Bede, The Reckoning of Time

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Liverpool University Press, 1999 - History - 479 pages
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From the patristic age until the Gregorian calendar reform of 1582, computus -- the science of time reckoning and art of calendar construction -- was a matter of intense concern. Bede's The Reckoning of Time (De temporum ratione) was the first comprehensive treatise on this subject and the model and reference for all subsequent teaching discussion and criticism of the Christian calendar. It is a systematic exposition of the Julian solar calendar and the Paschal table of Dionysius Exiguus, with their related formulae for calculating dates. But it is more than a technical handbook. Bede sets calendar lore within a broad scientific framework and a coherent Christian concept of time, and incorporates themes as diverse as the theory of tides and the doctrine of the millennium.

This translation of the full text of The Reckoning of Time includes an extensive historical introduction and a chapter-by-chapter commentary. It will interest historians of medieval science, theology, and education, Bede scholars and Anglo-Saxonists, liturgists, and Church historians. It will also serve as an accessible introduction to computus itself. Generations of medieval computists nourished their expertise in Bede's orderly presentation; modern scholars in quest of safe passage through this complex terrain can hope for no better guide.

 

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Contents

ABBREVIATIONS
xi
ACKNOWLEDGEMENTS
xiii
INTRODUCTION
xv
Computus as problembased science and doctrinachristiana
xviii
A brief history of the Christian calendar before Bede
xxxiv
Structure and content of The Reckoningof Time
lxiii
Bedes sources
lxxii
Manuscripts glosses editions and principles of translation
lxxxv
The varying length of days and the dierent position of the shadows
89
Why the same days are unequal in length
91
In what places the shadows or days are equal
93
The ve circles of the universe and the passage of the stars under the Earth
96
The four seasons elements and humours
100
Natural years
104
The calculation of the leapyear day
105
Measuring the leapyear increment
107

THE RECKONING OF TIME
1
Preface
3
Table of Contents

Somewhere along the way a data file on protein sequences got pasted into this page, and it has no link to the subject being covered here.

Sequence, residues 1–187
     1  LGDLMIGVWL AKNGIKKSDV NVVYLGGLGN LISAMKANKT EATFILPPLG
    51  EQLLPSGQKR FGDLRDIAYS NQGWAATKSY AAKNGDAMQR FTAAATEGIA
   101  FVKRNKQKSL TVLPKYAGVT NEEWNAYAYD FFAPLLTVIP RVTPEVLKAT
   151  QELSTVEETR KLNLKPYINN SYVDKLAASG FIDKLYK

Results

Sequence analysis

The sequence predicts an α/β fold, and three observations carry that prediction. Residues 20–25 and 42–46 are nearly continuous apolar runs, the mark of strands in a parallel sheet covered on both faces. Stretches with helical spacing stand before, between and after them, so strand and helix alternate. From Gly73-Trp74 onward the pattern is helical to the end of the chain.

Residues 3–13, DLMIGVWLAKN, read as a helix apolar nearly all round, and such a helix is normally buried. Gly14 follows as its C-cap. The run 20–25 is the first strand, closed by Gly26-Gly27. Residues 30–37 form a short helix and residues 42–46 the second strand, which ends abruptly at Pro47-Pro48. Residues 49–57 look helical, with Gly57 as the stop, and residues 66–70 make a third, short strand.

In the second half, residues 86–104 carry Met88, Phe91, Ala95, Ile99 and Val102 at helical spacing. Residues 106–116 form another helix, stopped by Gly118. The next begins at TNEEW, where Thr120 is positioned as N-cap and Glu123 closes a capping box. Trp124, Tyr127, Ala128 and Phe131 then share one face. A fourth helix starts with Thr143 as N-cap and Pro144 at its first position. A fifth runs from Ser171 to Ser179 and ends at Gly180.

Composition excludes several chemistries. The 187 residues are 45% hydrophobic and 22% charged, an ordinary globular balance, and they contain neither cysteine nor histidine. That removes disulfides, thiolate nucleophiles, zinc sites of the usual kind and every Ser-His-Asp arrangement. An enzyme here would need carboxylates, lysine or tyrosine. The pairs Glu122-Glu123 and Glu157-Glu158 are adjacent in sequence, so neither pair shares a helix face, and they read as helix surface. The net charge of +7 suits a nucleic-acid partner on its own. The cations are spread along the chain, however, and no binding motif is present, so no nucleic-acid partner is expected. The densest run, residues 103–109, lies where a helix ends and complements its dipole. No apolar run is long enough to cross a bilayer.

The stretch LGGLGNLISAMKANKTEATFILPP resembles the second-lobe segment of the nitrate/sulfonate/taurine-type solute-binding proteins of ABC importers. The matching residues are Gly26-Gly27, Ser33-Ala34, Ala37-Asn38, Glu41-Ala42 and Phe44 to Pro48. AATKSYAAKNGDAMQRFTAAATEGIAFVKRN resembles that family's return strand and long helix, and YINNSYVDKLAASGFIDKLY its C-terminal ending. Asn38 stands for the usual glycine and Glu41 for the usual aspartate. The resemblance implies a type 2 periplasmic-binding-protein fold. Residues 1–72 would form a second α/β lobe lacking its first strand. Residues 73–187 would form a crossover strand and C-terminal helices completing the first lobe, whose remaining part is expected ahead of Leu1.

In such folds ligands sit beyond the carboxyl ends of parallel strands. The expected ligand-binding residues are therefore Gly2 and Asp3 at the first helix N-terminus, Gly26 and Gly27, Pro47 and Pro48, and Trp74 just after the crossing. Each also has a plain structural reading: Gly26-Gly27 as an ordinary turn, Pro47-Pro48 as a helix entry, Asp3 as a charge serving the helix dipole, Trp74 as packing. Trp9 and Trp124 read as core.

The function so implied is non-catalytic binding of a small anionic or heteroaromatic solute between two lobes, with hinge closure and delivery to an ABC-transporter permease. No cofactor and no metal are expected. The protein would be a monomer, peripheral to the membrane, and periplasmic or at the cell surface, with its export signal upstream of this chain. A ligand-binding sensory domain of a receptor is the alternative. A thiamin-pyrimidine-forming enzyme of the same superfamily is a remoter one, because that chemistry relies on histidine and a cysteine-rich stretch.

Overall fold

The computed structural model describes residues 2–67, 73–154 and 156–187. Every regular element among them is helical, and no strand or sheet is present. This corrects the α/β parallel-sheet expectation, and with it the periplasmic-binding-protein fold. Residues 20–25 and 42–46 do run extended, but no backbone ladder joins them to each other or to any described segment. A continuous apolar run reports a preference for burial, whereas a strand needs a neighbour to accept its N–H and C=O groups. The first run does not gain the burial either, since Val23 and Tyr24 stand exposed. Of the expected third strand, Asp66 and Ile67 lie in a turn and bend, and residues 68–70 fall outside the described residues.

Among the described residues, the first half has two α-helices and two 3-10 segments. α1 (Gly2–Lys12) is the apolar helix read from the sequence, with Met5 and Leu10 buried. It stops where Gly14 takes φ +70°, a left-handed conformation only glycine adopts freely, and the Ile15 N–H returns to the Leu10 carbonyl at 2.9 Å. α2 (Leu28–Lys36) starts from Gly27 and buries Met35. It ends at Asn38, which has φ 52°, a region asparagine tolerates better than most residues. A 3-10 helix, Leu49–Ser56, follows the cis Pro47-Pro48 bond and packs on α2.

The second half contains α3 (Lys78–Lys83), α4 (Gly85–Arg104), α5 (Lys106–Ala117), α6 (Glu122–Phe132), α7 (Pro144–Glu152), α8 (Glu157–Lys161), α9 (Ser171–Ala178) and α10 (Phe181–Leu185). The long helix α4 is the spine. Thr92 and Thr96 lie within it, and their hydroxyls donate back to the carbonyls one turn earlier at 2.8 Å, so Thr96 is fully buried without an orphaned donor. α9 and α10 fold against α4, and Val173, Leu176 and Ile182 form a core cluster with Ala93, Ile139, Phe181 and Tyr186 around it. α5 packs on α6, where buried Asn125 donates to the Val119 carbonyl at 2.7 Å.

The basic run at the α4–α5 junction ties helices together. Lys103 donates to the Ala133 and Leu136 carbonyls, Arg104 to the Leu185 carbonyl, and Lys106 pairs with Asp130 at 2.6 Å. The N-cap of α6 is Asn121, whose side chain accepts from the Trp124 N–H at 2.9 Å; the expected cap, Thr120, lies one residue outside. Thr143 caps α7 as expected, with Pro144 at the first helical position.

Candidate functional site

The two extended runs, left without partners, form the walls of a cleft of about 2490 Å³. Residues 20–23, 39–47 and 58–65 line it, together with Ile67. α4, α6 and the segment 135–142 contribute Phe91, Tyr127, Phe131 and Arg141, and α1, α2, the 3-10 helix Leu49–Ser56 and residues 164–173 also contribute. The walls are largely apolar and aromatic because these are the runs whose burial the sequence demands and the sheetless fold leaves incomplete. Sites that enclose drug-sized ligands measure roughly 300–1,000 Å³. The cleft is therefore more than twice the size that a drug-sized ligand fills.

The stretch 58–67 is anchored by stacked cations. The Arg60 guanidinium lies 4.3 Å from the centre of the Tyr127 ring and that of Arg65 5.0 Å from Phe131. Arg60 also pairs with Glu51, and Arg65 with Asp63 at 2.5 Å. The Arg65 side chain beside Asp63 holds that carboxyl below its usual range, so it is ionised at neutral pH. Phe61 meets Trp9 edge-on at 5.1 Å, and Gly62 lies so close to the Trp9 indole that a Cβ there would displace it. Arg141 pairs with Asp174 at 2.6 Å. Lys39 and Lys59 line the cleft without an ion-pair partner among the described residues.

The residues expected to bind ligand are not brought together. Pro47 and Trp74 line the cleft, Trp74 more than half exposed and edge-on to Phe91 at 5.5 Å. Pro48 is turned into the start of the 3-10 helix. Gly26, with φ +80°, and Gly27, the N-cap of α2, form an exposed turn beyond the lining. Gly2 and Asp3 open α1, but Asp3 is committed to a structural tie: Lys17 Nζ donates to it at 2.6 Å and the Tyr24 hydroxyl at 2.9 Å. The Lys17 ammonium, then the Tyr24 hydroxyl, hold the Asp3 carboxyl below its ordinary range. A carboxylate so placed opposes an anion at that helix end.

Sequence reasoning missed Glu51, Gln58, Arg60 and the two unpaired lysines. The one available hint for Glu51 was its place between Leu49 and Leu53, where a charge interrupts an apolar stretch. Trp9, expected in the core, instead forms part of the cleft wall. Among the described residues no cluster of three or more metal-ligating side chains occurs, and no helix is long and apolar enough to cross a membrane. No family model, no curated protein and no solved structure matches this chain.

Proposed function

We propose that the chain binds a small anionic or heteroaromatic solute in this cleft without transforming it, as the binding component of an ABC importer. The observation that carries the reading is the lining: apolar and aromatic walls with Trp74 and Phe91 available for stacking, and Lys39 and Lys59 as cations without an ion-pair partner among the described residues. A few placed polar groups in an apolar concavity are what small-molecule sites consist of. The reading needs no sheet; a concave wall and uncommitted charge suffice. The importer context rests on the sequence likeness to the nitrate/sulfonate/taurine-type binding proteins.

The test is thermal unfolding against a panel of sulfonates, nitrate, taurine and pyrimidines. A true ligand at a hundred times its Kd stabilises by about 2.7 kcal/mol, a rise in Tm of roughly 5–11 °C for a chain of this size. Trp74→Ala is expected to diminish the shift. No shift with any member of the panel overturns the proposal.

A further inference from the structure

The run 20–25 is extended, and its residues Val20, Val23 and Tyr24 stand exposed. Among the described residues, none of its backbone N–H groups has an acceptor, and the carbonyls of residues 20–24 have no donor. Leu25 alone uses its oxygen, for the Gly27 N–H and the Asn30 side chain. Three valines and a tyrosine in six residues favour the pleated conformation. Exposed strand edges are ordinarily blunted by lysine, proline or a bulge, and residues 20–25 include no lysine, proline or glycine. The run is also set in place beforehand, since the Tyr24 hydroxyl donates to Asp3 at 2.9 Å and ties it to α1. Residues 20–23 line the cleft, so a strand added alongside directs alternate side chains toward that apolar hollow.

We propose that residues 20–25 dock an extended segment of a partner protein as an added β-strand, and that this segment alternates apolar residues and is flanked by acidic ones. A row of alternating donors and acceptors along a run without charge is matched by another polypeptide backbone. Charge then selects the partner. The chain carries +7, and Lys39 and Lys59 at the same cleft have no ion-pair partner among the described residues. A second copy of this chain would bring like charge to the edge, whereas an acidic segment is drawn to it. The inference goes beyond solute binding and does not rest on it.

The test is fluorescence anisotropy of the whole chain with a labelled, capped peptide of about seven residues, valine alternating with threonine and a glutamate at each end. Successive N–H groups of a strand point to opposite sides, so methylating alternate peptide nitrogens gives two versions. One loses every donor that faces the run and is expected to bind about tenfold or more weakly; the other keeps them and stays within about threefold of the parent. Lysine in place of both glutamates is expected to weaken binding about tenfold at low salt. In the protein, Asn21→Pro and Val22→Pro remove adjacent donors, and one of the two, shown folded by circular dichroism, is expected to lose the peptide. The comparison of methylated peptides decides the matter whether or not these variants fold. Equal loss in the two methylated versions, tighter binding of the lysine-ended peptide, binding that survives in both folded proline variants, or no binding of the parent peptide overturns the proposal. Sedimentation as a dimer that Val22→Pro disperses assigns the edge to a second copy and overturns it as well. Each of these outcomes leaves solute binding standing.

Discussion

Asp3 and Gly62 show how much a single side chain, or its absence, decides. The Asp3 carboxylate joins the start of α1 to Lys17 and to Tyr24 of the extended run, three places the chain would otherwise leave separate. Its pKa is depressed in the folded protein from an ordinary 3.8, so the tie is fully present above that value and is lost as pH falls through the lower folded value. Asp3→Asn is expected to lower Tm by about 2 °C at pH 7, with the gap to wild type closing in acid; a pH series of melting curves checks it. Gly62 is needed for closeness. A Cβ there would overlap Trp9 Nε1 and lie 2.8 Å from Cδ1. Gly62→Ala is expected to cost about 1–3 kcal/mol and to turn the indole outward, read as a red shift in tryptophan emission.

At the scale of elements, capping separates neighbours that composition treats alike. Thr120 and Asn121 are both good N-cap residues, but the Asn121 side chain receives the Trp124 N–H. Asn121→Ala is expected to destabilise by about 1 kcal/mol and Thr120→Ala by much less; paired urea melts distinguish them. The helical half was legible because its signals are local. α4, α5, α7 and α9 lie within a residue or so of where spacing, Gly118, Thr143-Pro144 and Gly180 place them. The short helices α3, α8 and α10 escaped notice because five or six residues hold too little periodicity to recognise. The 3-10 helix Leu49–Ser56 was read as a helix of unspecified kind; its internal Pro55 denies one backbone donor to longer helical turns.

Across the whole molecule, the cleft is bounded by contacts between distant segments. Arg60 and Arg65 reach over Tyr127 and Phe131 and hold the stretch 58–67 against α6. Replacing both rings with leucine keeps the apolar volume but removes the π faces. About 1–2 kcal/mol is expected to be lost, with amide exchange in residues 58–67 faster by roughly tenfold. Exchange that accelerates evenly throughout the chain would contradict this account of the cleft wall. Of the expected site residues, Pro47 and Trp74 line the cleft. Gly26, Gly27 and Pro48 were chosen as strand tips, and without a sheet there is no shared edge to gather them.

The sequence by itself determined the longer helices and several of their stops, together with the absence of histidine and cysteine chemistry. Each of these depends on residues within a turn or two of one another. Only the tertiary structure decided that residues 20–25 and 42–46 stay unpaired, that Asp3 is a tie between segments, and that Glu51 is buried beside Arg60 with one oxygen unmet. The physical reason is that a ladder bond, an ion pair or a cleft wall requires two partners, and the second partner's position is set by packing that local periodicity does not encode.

5
IV The Paschal table chs 4465
6
Calculating or speaking with the ngers
9
Three ways of reckoning time
13
The smallest intervals of time
14
The reckoning of duodecimal fractions
16
II The Julian calendar chs 541
19
The worlds rst day
24
Night
28
The week
32
The seventy prophetic weeks
36
The week of the WorldAges
39
The months
41
The Roman months
46
Kalends nones and ides
50
The Greek months
51
The English months
53
The signs of the twelve months
54
The course of the Moon through the signs
58
for those who are ignorant of the signs
60
for those who do not know how to calculate
63
Whatthe age oftheMoon ison anygiven rst dayofthe month
64
What day of the week it is on the kalends
68
A formula for any Moon or weekday
69
For those who do not know how to calculate the age of the Moon
71
The number of hours of moonlight
73
When and why the Moon appears to be facing upwards facing downwards or standing upright
74
Why the Moon though situated beneath the Sun sometimes appears to be above it
77
On the size or eclipse of the Sun and Moon
78
What the power of the Moon can do
80
The harmony of the Moon and the sea
82
Equinoxes and solstices
86
Why it is intercalated on the sixth kalends of March
109
The Moon also has its quarterday
110
III Anomalies of lunar reckoning chs 4243
113
Whythe Moonsometimesappearsolderthan its computed age
115
The nineteenyear cycle
121
Embolismic and common years
122
The ogdoas and the hendecas
124
The years of the Lords Incarnation
126
Indictions
130
How certain people err concerning the beginning of the rst month
132
Formula for nding the number of the lunar epacts
135
Solar epacts
136
Formula for nding the number of the solar epacts and when leap year will fall
137
The lunar cycle
139
Formula based on the lunar cycle for nding the age of the Moon on 1 January
141
A formula to nd whatyear of the lunar cycle or of the nineteenyear cycle it is
142
A formula for nding it
144
Easter Sunday
145
The Moon of that day
147
The dierence between the Pasch and the Feast of Unleavened Bread
149
The allegorical interpretation of Easter
151
The Great Paschal Cycle
155
V The worldchronicle ch 66
157
VI Future time and the end of time chs 6771
239
Three opinions of the faithful as to when the Lord will come
240
The time of Antichrist
241
The Day of Judgement
243
The Seventh Age and the Eighth Age of the world to come
246
APPENDICES
377
Bibliography
430
Index of Sources
445
General Index
465
Copyright

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About the author (1999)

Faith Wallis is Associate Professor in the Department of History at McGill University, Montreal.

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